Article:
The first smartphone to boast a pair of rear-facing cameras for non-3D photography was the HTC M8 in 2014 It was Apple’s iPhone 7 Plus, however, that made the double-cam setup standard on flagship phones. Now, Huawei’s new P20 Pro phone packs a trio of rear-facing cameras, and things will likely only escalate from here. And while it may sound like a novelty, multiple imaging devices feed lots of photo and video data to increasingly powerful processors. This creates computational cameras with some real advantages over their cyclopean competition.
Here’s what each camera does.
The primary imaging device on the P20 Pro is a typical smartphone camera with a well-above-average total resolution of 40 megapixels. It uses all those pixels by combining them in 2×2 groups—a technique called “binning”—and spitting out 10-megapixel images. Most smartphone cameras hover around the 12-megapixel mark, but that difference in final resolution doesn’t matter much when you consider that even a 4K UHD screen only requires a little over 8 megapixels to fill the display.
All those pixels can sound a warning signal for some camera nerds like me because cramming lots of pixels onto a small cellphone sensor can increase the chances for problems like digital noise in your photos. However, at 1/1.78 inches, the sensor inside the Huawei phone is roughly twice the size of what you find in other phones, like the 1/2.55 inch chip inside the Samsung Galaxy S9. With a bigger sensor, it can literally catch more light, which typically leads to less noise.
Apple started a trend with its iPhone 7 Plus and its additional telephoto camera that enabled its Portrait Mode. Huawei uses a similar setup here. The telephoto camera has an eight-megapixel sensor with a much smaller 1/4.4 inch sensor. The interesting part, however, is the lens sitting in front of it. The telephoto glass offers a much narrower field of view (roughly equivalent to an 80mm lens on a full-frame DSLR) which is a lot more flattering for things like portraits because they don’t distort the scene as much as a wide-angle.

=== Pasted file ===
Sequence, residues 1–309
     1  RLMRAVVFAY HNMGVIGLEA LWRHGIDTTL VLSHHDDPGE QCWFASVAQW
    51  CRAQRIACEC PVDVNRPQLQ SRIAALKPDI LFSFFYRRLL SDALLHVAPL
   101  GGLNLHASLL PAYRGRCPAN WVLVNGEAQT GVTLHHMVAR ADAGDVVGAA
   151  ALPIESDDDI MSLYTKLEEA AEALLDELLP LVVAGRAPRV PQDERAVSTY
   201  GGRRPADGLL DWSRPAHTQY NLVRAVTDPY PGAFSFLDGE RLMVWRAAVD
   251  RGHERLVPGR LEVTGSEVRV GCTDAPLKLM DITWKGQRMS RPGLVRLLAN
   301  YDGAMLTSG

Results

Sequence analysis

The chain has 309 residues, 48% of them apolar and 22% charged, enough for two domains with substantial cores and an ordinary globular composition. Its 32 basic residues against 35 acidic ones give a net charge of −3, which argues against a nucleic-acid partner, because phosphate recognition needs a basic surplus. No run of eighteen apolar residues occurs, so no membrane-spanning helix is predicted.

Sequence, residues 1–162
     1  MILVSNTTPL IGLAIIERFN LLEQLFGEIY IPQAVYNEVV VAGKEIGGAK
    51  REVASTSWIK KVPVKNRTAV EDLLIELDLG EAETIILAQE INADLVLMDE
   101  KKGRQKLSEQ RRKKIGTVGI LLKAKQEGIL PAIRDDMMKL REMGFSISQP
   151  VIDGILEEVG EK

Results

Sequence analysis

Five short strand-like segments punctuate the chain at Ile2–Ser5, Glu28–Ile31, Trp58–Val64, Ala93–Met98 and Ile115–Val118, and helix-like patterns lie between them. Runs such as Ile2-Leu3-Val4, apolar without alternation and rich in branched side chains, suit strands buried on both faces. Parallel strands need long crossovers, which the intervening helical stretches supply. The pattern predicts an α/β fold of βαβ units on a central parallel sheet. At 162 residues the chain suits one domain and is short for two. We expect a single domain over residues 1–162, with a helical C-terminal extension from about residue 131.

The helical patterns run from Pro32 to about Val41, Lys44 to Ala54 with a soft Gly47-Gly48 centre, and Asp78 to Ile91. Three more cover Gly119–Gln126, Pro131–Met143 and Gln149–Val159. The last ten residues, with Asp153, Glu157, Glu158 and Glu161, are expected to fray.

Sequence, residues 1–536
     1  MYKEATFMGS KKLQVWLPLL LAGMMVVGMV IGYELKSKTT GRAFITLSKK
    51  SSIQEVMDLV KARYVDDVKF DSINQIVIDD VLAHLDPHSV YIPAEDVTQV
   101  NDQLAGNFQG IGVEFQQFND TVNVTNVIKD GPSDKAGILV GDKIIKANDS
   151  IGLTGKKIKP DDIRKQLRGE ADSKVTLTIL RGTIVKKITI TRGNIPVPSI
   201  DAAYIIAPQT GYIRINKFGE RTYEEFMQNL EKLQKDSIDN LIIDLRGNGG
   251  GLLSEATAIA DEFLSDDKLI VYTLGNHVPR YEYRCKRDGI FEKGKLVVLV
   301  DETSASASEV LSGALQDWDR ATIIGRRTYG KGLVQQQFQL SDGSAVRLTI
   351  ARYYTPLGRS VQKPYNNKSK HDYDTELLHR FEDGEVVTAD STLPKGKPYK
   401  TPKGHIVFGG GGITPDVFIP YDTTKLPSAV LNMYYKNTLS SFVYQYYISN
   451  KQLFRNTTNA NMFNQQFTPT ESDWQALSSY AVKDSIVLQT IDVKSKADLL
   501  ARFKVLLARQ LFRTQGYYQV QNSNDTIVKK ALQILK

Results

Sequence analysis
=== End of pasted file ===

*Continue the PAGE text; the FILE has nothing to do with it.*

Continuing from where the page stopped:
The lens itself doesn’t let in as much light as the main camera’s lens (it has a maximum aperture of f/2.4 compared to f/1.8 on the wide-angle), but that’s expected and similar to the camera implementation on other phones. The telephoto lens, however, does have optical image stabilization built in, which means the glass elements within the lens move around as your hand shakes to neutralize the blur that would otherwise happen as a result.
The third—and perhaps the most interesting—camera on the P20 Pro is a 20-megapixel sensor that only captures images in black-and-white. This isn’t for a cool effect or a gimmick, but rather this camera exists specifically to feed image data to the other imaging devices on the phone. It’s a support system.
The black-and-white camera looks out into a scene and pulls out specific data the phone can use for computational photography. For instance, it can help estimate how far images are from the front of the lenses, information that the processor can then use to help estimate fake blur that’s typically associated with portrait modes.
The monochrome camera also helps capture finer details because it doesn’t have color filters for determining the hues in an image. As a result, it can add detail to images during digital zoom, which typically involves a substantial loss of image quality.
Camera testing lab DXO Mark calls it the best zoom performance it has ever seen on a smartphone.
The additional detail from the monochrome image also helps push the low-light performance of the camera. According to the DXO test, it can reach a maximum ISO of 102,000+, which is on-par or better than some pro-grade DSLRs. Those pro cameras are reaching those heights with high-end sensors, but it’s impressive for a smartphone camera to even reach that level at all.
Expect to see more of this
Right now, two cameras are the norm on the backs of smartphones—although Google is doing a surprisingly good job with just one on its Pixel phones—but it wouldn’t be a surprise to see even more lenses popping up on the backs of mobile devices. A camera like the Light L16 takes this concept to the extreme with an arsenal of individual imaging devices, each with a specific purpose and point-of-view.
Unless smartphones start getting thicker, or new lens tech like liquid lenses starts to become a lot more practical, it wouldn’t be a surprise if the back of your phone continues getting a little more crowded with cameras.